Queues on Øresund Bridge as Danes return from long weekend

Queues on Øresund Bridge as Danes return from long weekend
There was a 6km queue after Pentecost on May 24. Photo: Johan Nilsson/TT/Scanpix
Danes returning from a long weekend in Bornholm and holiday cottages in Skåne caused a 2km queue on Tuesday morning, adding to Swedes' irritation at being cut out a Nordic tourism deal.
Copenhagen police reported the queue in a tweet at around 8am on Tuesday.  
 
The temporary border checks on the small artificial island of Peberholm (Pepparholm in Swedish), where the bridge over from Sweden turns into a tunnel, makes it much slower to get across the Öresund, meaning queues build up quickly whenever there is heavy traffic. 
 
“The police are in place and are trying to get people through the checks as quickly as possible,” security officer Thomas Hjermind told Ritzau at 9am. “The queue is 2km long. But the traffic is moving.”
 
The long weekend around Whit Sunday and Whit Monday in Denmark has meant that many have travelled into Sweden — some to get the ferry across to Bornholm, others to stay in summer cottages in Skåne and elsewhere. 
 
Police told Ritzau that the queue was mainly formed of Danes on their way back from holiday in Sweden, together with a few Swedish cross-border workers. 
 
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Since Denmark imposed border controls on March 14, Danes have been able to travel to Sweden unhindered while Swedes have only been allowed into Denmark if they have a “worthy purpose”.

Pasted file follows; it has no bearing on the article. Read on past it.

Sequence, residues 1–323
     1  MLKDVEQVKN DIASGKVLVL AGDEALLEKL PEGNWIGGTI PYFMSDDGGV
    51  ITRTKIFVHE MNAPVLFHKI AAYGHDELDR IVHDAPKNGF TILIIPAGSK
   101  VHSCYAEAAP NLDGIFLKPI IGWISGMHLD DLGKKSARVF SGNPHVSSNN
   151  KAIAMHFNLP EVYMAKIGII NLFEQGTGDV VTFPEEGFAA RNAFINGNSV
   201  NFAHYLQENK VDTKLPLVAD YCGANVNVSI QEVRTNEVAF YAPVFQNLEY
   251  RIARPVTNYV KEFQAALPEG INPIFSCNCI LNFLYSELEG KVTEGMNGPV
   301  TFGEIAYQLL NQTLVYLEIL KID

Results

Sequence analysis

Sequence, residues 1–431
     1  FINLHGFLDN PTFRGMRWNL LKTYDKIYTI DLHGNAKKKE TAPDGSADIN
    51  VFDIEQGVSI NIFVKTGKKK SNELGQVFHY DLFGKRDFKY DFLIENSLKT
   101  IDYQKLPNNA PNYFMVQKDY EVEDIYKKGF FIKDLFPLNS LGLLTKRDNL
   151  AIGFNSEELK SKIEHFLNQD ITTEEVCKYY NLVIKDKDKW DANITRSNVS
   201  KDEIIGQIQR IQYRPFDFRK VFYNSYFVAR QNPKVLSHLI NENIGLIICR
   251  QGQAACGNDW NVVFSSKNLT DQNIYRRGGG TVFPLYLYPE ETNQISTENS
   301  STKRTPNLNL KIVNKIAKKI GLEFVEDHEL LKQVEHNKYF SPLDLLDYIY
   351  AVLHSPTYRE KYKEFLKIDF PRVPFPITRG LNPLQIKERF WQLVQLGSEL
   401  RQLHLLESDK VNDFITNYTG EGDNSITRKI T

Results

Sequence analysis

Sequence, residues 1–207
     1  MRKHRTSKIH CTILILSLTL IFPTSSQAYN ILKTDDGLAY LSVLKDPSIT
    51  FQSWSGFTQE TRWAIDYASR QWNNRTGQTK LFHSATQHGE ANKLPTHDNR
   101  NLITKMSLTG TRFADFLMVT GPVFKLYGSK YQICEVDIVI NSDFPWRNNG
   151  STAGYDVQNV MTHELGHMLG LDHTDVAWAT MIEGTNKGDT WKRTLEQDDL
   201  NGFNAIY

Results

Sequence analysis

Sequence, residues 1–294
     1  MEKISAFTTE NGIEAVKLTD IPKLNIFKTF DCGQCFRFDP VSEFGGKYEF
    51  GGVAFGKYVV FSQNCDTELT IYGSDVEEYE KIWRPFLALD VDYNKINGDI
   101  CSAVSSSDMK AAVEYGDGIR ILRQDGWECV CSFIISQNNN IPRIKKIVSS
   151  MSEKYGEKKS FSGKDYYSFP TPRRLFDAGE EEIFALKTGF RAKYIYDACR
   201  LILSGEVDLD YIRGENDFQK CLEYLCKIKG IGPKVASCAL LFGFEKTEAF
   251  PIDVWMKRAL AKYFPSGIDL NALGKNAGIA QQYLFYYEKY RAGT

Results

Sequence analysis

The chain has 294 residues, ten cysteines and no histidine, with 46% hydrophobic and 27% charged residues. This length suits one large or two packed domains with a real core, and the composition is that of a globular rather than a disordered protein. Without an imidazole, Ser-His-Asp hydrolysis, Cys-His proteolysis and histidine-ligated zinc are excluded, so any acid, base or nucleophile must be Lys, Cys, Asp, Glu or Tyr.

Danes are supposed to go into quarantine for 14 days on their return, but this is voluntary and it seems that few do. 
 
Last Friday, Denmark's government announced that it was ready to allow tourists from Norway, Germany and Iceland into the country, but not those from Sweden.
 
“It seems absolutely crazy. Total double standards,” Christer Mårtensson, 61, from Hjärup in Skåne told Denmark's BT tabloid. 
 
“If the authorities are so afraid of the Swedes being infected don't they think that the Danes can take the infection back with them?” he added. 
 
“It doesn't make sense. It's pure populism, and it seems as if Mette Frederiksen is just trying to improve her popularity on at home.” 
 
While Sweden as a whole has higher infection rates than Denmark, Region Skåne has a lower rate
than in Copenhagen area. 
 
According to Sweden's Kvällsposten newspaper, there have been 17.8 coronavirus-related deaths per 100,000 inhabitants in Copenhagen, and just 13.3 in Skåne. 

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